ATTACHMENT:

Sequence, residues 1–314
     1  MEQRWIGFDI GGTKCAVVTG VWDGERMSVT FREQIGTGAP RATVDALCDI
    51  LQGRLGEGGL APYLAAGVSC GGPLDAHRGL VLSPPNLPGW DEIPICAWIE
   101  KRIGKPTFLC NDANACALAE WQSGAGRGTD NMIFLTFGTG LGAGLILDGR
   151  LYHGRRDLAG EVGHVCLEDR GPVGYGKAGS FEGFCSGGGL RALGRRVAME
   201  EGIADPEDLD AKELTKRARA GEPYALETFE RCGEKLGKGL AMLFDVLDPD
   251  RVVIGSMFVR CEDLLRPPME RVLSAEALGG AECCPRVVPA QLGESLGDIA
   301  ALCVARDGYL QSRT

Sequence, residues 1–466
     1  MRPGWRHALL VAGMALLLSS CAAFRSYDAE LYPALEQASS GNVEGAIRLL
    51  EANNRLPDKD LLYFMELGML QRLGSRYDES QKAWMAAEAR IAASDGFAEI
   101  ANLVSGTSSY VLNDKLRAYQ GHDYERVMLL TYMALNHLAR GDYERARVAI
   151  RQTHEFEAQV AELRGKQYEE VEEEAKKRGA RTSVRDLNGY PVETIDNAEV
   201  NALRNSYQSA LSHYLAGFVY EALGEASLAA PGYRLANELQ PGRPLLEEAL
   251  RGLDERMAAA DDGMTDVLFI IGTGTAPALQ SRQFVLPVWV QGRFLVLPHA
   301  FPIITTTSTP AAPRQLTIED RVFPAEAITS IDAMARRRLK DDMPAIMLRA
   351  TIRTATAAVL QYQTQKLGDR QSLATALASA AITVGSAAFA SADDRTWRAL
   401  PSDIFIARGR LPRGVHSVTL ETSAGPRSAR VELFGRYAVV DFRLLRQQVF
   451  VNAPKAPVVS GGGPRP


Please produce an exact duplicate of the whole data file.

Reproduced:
Sequence, residues 1–314
     1  MEQRWIGFDI GGTKCAVVTG VWDGERMSVT FREQIGTGAP RATVDALCDI
    51  LQGRLGEGGL APYLAAGVSC GGPLDAHRGL VLSPPNLPGW DEIPICAWIE
   101  KRIGKPTFLC NDANACALAE WQSGAGRGTD NMIFLTFGTG LGAGLILDGR
   151  LYHGRRDLAG EVGHVCLEDR GPVGYGKAGS FEGFCSGGGL RALGRRVAME
   201  EGIADPEDLD AKELTKRARA GEPYALETFE RCGEKLGKGL AMLFDVLDPD
   251  RVVIGSMFVR CEDLLRPPME RVLSAEALGG AECCPRVVPA QLGESLGDIA
   301  ALCVARDGYL QSRT

Sequence, residues 1–466
     1  MRPGWRHALL VAGMALLLSS CAAFRSYDAE LYPALEQASS GNVEGAIRLL
    51  EANNRLPDKD LLYFMELGML QRLGSRYDES QKAWMAAEAR IAASDGFAEI
   101  ANLVSGTSSY VLNDKLRAYQ GHDYERVMLL TYMALNHLAR GDYERARVAI
   151  RQTHEFEAQV AELRGKQYEE VEEEAKKRGA RTSVRDLNGY PVETIDNAEV
   201  NALRNSYQSA LSHYLAGFVY EALGEASLAA PGYRLANELQ PGRPLLEEAL
   251  RGLDERMAAA DDGMTDVLFI IGTGTAPALQ SRQFVLPVWV QGRFLVLPHA
   301  FPIITTTSTP AAPRQLTIED RVFPAEAITS IDAMARRRLK DDMPAIMLRA
   351  TIRTATAAVL QYQTQKLGDR QSLATALASA AITVGSAAFA SADDRTWRAL
   401  PSDIFIARGR LPRGVHSVTL ETSAGPRSAR VELFGRYAVV DFRLLRQQVF
   451  VNAPKAPVVS GGGPRP